Getting the Rich To Share Our Pain

Baseball season is upon us again, and my hope is that our billionaire Mayor steps up to the plate and acts more like a mensch .

Michael Bloomberg is fond of saying that all New Yorkers must be willing to sacrifice. So far, it looks as though he is exempting his own class of well-heeled New Yorkers from the pain.

While workers get socked with a cigarette tax, an 18-percent real-estate tax increase, a subway-fare hike, a water-tax hike, an increased parking-fine tax, and now a proposed East River bridges toll tax, wealthy New Yorkers haven’t been asked to do their share.

Mr. Bloomberg can start with the deadbeat owners of the Mets-who owe the city $3 million in back rent-to fulfill his pledge about “shared sacrifice.” This would be a welcome change from his threats of layoffs and service cuts and his reluctance to battle Governor Pataki and President Bush for the city’s fair share of revenue.

We can expect the Mayor at Opening Day ceremonies at Shea and Yankee stadiums in a few weeks, breaking bread with George Steinbrenner and Fred Wilpon. But Mr. Bloomberg shouldn’t need a scorecard to keep track of the myriad special deals that wealthy New Yorkers seem to think of as a birthright. When he’s in the company of other elite New Yorkers, the Mayor should hand out new business cards reading: “Hi, I’m Mike the Mayor. The party is over. Pay up.”

Wouldn’t it just be grand-and a great morale-booster for a weary town-to see the Mayor arrive at Shea with the city sheriff on Opening Day and clean out the till for the money the Mets owe us? City Comptroller William Thompson recently released a report showing that the Mets did a major cooking of the books to chisel the city. If Mr. Wilpon doesn’t want to pony up, the Mayor can just padlock the premises. He can then tell Mr. Wilpon that he wants givebacks similar to those he is demanding from city workers.

But maybe not. You wouldn’t want Mike to negotiate the same deal he gives the Yankees at the municipal ferry terminal in Manhattan. There, his Transportation Commissioner allows an oversize banner to hang from the rafters advertising the Staten Island Yankees, with a phone number for those wishing to buy tickets. The price for this ad, which reaches 11 million people a year? Nada. In the land of “let’s run the government like a business,” the privately owned Staten Island Yankees get free publicity, courtesy of City Hall. The money that banner could bring in-let’s say $300,000 a year-might be enough to buy better transmitters for undercover cops. The Mayor, let’s remember, didn’t become rich by giving away his computer terminals.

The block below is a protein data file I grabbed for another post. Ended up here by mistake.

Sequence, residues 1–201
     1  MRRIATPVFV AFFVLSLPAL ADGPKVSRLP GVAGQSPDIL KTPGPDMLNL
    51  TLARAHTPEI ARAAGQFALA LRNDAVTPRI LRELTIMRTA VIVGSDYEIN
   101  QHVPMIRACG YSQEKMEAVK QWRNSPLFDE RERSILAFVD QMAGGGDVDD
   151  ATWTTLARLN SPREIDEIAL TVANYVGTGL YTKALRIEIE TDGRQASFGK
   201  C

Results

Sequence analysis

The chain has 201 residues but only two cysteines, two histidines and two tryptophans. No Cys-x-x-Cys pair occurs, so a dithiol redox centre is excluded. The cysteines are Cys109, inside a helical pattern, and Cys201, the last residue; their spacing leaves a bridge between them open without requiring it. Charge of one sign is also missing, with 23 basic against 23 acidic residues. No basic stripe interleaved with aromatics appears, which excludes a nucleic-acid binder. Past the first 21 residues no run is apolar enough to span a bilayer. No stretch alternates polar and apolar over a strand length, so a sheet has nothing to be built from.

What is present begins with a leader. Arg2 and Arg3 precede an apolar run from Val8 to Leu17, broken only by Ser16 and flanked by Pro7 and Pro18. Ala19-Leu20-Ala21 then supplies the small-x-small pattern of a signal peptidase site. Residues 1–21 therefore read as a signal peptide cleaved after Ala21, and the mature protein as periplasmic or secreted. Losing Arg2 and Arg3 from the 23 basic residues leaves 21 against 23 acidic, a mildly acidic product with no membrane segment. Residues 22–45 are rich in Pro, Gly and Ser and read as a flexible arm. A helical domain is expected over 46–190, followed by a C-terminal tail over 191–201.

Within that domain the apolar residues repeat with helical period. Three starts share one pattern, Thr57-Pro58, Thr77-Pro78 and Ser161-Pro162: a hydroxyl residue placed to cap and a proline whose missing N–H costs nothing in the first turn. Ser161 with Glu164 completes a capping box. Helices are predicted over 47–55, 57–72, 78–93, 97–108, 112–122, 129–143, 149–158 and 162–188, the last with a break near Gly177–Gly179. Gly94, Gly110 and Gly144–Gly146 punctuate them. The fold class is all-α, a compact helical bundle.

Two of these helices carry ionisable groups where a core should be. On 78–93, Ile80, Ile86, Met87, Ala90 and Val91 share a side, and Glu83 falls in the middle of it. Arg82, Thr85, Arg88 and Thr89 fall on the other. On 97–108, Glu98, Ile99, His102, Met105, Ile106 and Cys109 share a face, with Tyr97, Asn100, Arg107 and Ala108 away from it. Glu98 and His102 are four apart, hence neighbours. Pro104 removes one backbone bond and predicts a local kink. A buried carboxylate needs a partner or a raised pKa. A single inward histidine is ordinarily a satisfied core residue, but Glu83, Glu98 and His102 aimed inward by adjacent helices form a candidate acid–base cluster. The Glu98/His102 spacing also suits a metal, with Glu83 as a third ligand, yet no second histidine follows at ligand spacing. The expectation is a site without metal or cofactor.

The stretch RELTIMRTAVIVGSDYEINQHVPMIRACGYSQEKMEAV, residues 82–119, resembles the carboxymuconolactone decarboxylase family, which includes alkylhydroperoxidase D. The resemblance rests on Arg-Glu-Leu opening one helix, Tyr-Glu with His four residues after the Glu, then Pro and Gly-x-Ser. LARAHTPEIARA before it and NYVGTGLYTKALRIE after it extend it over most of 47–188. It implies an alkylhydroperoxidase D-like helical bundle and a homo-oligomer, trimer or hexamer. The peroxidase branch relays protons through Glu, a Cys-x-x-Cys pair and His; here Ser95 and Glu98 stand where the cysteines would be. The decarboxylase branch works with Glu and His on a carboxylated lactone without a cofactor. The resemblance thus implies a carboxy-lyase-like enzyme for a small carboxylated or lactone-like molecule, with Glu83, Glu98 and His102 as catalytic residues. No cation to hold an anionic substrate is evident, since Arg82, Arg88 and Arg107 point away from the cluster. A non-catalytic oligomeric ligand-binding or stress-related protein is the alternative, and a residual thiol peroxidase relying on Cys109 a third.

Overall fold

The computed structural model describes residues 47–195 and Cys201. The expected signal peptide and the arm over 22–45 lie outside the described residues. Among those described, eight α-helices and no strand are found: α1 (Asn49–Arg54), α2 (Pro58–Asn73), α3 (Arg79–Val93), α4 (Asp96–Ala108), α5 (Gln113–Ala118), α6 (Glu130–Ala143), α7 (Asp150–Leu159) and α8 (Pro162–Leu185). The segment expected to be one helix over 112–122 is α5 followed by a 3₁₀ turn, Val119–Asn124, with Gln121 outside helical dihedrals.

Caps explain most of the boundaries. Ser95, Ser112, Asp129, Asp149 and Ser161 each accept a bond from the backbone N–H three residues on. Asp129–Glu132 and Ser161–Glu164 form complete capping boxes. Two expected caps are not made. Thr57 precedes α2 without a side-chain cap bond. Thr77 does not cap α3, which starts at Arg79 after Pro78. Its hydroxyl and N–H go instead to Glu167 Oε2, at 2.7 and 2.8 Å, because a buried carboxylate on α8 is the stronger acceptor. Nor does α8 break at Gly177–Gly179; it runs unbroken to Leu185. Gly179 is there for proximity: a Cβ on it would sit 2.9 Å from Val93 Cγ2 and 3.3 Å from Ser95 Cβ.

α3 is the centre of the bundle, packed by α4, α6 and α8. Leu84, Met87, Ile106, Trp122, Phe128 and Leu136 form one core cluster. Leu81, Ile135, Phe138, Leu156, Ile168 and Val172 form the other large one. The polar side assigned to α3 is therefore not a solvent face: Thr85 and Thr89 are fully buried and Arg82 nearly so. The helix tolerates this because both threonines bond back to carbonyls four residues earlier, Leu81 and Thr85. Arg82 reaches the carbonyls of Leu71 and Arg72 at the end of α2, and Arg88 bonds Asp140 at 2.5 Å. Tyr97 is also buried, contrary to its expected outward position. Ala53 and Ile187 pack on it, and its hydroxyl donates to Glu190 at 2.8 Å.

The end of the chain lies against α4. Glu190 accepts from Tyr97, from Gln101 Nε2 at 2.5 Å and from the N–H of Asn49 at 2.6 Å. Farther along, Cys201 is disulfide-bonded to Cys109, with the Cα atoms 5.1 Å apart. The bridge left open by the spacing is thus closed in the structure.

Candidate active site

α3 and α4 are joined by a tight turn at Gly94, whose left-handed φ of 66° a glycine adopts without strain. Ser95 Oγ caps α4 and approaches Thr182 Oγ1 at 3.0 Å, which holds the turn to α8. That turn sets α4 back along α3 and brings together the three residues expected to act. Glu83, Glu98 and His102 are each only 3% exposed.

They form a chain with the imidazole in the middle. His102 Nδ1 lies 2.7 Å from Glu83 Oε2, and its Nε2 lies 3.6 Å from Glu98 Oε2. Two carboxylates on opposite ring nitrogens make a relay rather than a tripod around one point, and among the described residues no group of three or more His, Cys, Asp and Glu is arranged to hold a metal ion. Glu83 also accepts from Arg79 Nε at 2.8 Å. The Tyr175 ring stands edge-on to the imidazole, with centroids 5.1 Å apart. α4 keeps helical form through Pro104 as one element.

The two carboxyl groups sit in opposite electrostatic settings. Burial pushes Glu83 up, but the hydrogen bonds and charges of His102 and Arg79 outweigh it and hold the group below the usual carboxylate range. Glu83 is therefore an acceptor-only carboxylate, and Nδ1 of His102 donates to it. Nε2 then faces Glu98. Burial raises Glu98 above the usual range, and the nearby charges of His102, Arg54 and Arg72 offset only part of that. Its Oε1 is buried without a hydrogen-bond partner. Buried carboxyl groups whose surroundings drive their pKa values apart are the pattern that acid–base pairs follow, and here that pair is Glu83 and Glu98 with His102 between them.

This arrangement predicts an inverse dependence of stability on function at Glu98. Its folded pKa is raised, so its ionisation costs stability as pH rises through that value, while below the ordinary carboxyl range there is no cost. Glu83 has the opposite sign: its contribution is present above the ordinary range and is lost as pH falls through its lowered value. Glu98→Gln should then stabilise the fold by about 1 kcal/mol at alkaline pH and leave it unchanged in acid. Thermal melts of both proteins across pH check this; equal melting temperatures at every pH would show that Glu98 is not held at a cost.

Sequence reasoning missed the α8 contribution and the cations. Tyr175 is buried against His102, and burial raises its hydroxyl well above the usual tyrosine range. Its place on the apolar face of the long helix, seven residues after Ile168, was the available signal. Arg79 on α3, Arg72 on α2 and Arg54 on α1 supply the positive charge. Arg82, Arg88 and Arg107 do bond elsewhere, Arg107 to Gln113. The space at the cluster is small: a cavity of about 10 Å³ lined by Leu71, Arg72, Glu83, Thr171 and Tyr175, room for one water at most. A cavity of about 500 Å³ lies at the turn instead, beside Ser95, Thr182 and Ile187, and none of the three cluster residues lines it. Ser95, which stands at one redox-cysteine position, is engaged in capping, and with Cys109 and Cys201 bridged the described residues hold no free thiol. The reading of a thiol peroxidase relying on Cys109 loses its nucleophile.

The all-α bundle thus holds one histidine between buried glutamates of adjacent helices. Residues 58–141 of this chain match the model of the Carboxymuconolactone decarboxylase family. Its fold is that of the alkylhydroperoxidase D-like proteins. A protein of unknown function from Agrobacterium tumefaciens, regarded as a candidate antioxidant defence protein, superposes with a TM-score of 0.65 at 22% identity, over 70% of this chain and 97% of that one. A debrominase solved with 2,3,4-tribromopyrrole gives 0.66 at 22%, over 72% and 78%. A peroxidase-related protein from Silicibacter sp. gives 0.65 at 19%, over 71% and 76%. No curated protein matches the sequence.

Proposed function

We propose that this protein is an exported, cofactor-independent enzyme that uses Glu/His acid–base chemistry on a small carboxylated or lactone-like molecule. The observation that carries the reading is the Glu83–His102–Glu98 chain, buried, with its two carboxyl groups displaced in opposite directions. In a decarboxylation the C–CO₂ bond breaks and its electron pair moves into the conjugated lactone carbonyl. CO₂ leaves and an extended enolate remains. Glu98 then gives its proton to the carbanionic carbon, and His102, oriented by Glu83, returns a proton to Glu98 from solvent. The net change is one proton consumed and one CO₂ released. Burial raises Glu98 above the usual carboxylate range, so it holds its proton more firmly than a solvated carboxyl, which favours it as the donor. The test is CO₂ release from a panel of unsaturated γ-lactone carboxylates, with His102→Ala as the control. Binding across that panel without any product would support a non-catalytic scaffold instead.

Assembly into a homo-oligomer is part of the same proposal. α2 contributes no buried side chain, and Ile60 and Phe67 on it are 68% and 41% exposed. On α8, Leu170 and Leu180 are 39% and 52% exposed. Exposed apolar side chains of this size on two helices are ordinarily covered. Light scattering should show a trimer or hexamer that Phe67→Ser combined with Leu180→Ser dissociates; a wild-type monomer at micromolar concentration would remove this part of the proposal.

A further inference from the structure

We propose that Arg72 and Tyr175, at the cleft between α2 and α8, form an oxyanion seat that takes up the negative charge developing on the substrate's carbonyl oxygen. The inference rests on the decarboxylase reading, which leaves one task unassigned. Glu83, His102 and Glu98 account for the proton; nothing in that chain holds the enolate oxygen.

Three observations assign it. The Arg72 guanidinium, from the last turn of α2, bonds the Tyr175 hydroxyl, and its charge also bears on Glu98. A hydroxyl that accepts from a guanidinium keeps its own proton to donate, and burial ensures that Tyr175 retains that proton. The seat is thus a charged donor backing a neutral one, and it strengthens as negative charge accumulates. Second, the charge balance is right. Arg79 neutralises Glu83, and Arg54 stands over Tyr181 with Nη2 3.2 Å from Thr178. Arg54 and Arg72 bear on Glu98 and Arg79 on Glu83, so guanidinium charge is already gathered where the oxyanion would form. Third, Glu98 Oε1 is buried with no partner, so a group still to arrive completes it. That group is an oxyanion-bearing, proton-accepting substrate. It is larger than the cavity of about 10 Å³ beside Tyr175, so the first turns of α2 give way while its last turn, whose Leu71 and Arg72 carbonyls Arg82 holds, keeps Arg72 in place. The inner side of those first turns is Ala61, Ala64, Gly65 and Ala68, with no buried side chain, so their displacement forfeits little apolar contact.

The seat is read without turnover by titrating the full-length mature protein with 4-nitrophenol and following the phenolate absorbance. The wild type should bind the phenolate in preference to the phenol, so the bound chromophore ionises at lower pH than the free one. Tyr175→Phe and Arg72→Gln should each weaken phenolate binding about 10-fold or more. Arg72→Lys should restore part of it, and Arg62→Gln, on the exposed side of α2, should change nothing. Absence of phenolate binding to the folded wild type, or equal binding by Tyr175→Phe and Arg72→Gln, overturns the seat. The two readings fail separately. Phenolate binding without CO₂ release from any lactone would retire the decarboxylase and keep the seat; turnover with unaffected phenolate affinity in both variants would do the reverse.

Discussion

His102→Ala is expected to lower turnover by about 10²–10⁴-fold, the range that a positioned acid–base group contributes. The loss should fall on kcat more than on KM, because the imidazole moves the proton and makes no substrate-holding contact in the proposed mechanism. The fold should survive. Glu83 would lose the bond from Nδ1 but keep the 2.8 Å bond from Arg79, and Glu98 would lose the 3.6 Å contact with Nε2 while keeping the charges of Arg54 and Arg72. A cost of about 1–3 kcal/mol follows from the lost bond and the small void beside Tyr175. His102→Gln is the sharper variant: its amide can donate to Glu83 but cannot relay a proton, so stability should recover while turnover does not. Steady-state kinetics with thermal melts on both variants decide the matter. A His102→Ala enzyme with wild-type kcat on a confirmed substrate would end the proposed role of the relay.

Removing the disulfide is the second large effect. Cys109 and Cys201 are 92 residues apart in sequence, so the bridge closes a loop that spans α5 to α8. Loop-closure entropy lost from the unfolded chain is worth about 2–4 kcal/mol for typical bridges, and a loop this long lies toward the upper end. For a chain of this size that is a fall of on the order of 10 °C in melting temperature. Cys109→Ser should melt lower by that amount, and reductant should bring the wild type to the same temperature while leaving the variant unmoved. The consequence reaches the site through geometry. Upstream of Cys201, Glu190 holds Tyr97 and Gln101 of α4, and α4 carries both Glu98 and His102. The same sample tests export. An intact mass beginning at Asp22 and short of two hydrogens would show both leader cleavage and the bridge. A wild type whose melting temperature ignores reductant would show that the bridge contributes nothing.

Mr. Bloomberg should also put the arm on his other crony, Charles Dolan, the owner of Cablevision, who is so tapped out that he can’t afford to pay the $11 million real-estate tax on Madison Square Garden, an exemption granted by Ed Koch in 1982! The last time we heard from the Dolan family was at a meeting of the titans at Mr. Bloomberg’s house. But when a deal was struck between representatives of Mr. Steinbrenner and Mr. Dolan to show Yankee games on Cablevision, the other billionaire in the room-Mr. Bloomberg-demanded nothing for the city coffers, even though the games take place in a city-owned stadium.

ButwhatMr. Bloomberg really has to do is to gather up a thousand of his rich friends and ask them to forgo interest payments on their tax-free municipal bonds for a year or two. (This year’s interest-which is driving the deficit-is nearly $5 billion.) He can lead by example, since he owns $40 million worth of such bonds. If enough of his friends and major banks agree to postpone their interest payments, that would obviate the need for $600 million in “givebacks” from our city’s workers.

We could even sponsor some sort of competition for them. The tabloids could run their photos and accompanying text: “Hello there. I am worth $100 million. My income is $10 million this year. I will wait a few years for my interest payments so the city can survive these turbulent times.”

In the end, New Yorkers have to redefine the importance of valid contracts. If a labor contract can be changed, then so too can contracts for bond payments, Con Ed and Verizon bills, oil companies and everyone else who makes money off the city. It’s not about stiffing anyone; everyone will get paid eventually. Mr. Bloomberg has to follow the model of Brazil (which restructured $80 billion in debt) and a hundred other countries that say: You know, we don’t have the money this year. Can you wait while we pay the folks who make the city run?

Only then will the pleas for fairness be heeded throughout the five boroughs.

Terry Golway will return to this space next week.